I am confused \\openwrt

Recently my Win 10 network neighborhood started showing a device on the network named OPENWRT. My router is a MiKroTik unit which has been running my network for several years and has not been recently upgraded. The network shows the following shares on the openwrt device:
disk_sataa1, disk_sataa5, disk_sataa6, disk_sataa7,
disk_satab1, disk_satab5, disk_satab6,
Disk_sda1, Disk_sdb1, Disk_sdc1,

If I try to access one of these shares I get a message that windows cannot acces the share.

The most recent change to my network was that the ISP (Spectrum) installed a new modem to handle its VoIP system. That modem is a docsis 3 compliant unit but I am not sure of the manufacturer.

Does anyone have any idea what is going on?

Try to ping it and see what IP you get.

Also you may trying to turn off the new modem, leave it off for a while and see if the OpenWrt device will disappear.

or toy could just ask your ISP.

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Is the IP address from that OpenWrt device one that matches the router?

If you haven't upgraded it recently, you're vulnerable to several high level security issues

Some of which are serious enough that an external attacker might have taken over your device. If that's the case, all bets are off (and the attacker might even have replaced the mikrotik firmware with their own, bugged firmware, which might be loosely based on OpenWrt).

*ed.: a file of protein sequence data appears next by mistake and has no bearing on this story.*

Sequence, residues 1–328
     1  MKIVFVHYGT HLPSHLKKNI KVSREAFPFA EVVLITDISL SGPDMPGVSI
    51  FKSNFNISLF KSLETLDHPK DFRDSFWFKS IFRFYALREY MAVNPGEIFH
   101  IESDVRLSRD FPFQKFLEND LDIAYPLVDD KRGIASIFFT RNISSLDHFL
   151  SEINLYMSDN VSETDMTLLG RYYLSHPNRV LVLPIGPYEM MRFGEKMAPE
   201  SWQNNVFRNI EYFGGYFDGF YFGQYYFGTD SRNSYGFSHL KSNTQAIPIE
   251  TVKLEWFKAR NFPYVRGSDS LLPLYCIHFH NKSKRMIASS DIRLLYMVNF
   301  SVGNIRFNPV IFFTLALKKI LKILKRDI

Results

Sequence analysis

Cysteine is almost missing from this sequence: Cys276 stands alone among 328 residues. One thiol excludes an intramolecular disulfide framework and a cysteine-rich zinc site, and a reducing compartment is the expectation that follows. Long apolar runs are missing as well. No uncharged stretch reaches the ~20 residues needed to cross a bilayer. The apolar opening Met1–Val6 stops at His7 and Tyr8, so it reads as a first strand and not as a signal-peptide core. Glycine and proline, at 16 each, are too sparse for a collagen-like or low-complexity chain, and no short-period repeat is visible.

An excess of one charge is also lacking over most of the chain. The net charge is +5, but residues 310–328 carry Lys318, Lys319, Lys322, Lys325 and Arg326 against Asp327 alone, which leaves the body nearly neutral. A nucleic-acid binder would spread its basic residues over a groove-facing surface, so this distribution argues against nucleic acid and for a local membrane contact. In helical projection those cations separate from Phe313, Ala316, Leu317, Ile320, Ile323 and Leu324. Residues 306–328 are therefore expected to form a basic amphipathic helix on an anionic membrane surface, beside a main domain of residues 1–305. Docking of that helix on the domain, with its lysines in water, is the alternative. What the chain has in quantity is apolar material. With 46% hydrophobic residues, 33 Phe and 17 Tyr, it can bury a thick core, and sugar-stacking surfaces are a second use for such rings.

That said, your first task would be identifying the new device - be it through the IP/ MAC address or disconnecting all devices one by one, until it disappears.


No. Its IP address matches the device which is a Dune 4K HD Media player. I am just surprised that the Dune media player shows itself by the name openwrt. I believe it used to show itself with another name. I will be looking into the settings on the Dune media player later.

Googling for "Dune 4K HD Media Player OpenWrt" yields several interesting results... looks like that device does have a firmware based on OpenWrt, and some users seem to have found the same issue you mention here.

After reading all these vulnerabilities it looks like none of them would give an outside attacker control of the Mikrotik device.

Thanks for all the help and advice. It definitely is the Dune device. I will investigate the issue with the Dune HD Support team.

CVE-2018-14847 has been actively used for that purpose, but really - wrong venue.